When "Love, Simon" premiered in 2018, the groundbreaking film was the first gay teenage love story released by a major studio (via Variety). Lukas Gage knew he wanted to be involved when a straight-to-series order was announced for the spin-off "Love, Victor" in 2019. "I loved 'Love, Simon,' and I reached out to my team, and I said: 'I need to audition for it,'" the actor told Courageous Nerd. "I also felt like I needed to be part of the story. It was such an important queer story that needed to be told. Something I wish was available when I was a teenager."

In the Hulu series, Gage plays Derek, the boyfriend of Victor's (Michael Cimino) love interest, Benji (George Sear). Derek may balk at Benji's romantic gestures, but he is by no means a villain. Victor even stands up for the couple when they're caught kissing in front of his conservative family. Still, Gage understands that plenty of fans were rooting against him. "I'm probably the most hated person on the show, understandably," Gage told Pop Culturalist. Still, it was important for Gage to play, in his words, "a gay character who's trying to navigate his first real love and his notions of monogamy."

Lukas Gage stood out in one White Lotus episode

Lukas Gage would continue to explore LGBTQ+ characters in Season 1 of "The White Lotus." In the Hawaii-set season, Gage plays Dillon, a surfer-bro bellhop at the ritzy eponymous hotel. In Episode 4, "Recentering," Dillon comes into his own when he joins his boss Armond (Murray Bartlett), for a coke-fueled bender before the two are caught in a compromising sex act. "I expect to be surprised by Mike White because he is such a brilliant writer, and I love that there's a natural defiance in almost everything that he does," Gage told The AV Club. "There's a sense of burning down the system in his writing, and I love that."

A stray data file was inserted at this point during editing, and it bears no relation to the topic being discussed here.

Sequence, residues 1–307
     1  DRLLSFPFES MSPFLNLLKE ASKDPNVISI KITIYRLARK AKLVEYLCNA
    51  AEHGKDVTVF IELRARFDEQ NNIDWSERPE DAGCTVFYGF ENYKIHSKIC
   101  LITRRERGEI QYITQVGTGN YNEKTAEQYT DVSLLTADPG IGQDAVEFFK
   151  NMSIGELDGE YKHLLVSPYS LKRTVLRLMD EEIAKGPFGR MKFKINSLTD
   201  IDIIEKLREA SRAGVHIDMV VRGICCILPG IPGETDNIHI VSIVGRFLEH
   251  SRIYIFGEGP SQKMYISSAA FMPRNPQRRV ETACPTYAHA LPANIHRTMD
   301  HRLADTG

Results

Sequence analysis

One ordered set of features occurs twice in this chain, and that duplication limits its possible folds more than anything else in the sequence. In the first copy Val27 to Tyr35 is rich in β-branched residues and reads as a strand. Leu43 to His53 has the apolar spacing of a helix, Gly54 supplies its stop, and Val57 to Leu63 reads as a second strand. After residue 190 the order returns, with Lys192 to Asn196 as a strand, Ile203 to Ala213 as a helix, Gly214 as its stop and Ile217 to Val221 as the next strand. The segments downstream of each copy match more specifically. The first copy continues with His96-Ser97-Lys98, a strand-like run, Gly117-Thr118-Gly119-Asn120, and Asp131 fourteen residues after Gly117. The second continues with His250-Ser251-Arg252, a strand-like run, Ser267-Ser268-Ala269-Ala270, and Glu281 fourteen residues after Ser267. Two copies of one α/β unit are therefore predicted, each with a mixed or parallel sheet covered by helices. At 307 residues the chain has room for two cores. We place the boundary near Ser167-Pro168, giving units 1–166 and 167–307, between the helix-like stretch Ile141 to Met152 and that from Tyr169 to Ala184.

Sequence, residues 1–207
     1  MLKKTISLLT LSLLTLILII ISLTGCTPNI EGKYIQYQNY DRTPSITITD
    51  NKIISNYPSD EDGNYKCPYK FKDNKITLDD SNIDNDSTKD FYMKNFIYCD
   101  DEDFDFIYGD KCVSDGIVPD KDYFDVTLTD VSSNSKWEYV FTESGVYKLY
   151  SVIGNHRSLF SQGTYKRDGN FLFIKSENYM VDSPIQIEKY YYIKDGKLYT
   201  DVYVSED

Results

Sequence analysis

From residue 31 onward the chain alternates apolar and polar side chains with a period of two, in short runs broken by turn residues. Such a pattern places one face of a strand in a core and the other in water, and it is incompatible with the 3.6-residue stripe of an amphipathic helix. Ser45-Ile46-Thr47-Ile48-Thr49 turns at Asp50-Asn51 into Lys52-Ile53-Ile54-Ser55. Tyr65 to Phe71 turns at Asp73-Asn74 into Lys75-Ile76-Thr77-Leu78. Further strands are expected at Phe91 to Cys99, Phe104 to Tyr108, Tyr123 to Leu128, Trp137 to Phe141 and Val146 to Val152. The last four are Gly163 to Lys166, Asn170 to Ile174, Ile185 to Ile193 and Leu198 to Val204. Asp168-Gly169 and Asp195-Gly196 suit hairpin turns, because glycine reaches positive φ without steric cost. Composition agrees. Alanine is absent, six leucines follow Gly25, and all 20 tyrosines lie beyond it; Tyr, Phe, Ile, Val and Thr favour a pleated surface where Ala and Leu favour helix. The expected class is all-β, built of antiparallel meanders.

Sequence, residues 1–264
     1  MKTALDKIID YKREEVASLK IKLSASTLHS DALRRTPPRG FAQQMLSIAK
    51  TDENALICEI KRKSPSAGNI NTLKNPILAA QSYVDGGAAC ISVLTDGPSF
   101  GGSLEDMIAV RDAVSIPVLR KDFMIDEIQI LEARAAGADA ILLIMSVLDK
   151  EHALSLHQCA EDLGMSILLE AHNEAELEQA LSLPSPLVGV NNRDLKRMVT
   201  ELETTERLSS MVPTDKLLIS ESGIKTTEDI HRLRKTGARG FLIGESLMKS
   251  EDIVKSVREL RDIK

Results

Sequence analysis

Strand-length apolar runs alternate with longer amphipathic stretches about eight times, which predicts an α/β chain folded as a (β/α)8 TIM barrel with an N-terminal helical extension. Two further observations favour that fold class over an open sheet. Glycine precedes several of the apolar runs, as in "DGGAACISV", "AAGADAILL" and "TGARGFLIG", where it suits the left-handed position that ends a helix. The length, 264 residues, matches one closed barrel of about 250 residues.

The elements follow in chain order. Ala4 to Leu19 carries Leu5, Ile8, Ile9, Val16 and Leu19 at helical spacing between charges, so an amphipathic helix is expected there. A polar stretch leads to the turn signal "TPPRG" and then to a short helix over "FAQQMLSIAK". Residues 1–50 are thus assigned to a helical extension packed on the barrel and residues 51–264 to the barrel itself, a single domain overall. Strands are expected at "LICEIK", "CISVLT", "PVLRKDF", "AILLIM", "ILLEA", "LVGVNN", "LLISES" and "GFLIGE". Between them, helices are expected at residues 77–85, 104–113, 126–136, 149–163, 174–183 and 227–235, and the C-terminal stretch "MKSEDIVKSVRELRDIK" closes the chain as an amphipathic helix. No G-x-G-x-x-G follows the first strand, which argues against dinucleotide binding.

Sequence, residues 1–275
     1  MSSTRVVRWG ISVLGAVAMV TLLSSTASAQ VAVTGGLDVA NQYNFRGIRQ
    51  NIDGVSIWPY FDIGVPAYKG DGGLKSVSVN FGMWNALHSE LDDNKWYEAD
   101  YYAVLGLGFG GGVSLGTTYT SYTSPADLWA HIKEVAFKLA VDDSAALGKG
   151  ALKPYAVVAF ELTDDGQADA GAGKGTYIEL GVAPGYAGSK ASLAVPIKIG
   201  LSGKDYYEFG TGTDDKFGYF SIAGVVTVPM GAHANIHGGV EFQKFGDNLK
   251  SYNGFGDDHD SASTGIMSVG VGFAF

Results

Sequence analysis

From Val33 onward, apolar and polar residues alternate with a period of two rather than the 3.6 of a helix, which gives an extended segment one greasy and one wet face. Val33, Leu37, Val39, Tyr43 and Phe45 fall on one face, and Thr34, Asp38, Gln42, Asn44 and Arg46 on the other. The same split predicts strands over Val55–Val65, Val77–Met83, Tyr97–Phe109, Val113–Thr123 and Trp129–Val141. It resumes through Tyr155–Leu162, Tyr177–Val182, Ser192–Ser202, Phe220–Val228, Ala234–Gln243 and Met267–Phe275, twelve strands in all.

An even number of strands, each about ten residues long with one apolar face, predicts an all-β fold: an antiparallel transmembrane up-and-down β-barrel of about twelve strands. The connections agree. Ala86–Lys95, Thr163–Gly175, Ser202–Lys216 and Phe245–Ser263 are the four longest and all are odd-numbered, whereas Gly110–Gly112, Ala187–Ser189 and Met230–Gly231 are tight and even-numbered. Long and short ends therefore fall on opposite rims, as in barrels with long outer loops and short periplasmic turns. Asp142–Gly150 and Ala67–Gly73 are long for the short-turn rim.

Gage was already familiar with White's writing on a personal level. The actor's first on-screen role was a small part in the showrunner's HBO series, "Enlightened," in which a teenage Gage was part of a group therapy scene. "It was my first time on a set," he continued. "I just remember being so nervous, so curious, asking 100 questions to Luke Wilson and Mike White, and they were being so kind to me."

Gage played a documentarian in Angelyne

After roughly ten years in the industry, it was fitting that Lukas Gage would eventually sign on to a project exploring the artifice of fame and image-making. Enter "Angelyne," a limited series starring and executive produced by "Shameless" star Emmy Rossum. Rossum plays Angelyne, the billboard queen who gained notoriety after cropping up across Los Angeles in the 1980s. Gage appears as Max Allen, a documentary filmmaker who's one of several figures trying to unlock the mystery of Angelyne.

For Gage, Allen and Angelyne have a strange, cat-and-mouse dynamic. "Although he's upset that she did all these things, he's thankful that she taught him how to work the system, how to work the game, how to manipulate back, how to not be timid and shy, and to break out of his shell," the actor told Forbes. "So, it's really a love-hate relationship between the two of them."